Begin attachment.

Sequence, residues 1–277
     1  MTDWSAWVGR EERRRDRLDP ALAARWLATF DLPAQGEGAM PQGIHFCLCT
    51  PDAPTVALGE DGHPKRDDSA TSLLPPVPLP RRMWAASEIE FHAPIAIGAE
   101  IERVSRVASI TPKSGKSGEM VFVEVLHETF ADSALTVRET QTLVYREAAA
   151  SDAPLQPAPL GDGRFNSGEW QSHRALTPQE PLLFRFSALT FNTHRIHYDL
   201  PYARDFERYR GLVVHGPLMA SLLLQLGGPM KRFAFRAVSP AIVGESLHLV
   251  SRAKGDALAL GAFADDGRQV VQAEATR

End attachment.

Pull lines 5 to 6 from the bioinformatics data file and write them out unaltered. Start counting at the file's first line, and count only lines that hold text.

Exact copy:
   151  SDAPLQPAPL GDGRFNSGEW QSHRALTPQE PLLFRFSALT FNTHRIHYDL
   201  PYARDFERYR GLVVHGPLMA SLLLQLGGPM KRFAFRAVSP AIVGESLHLV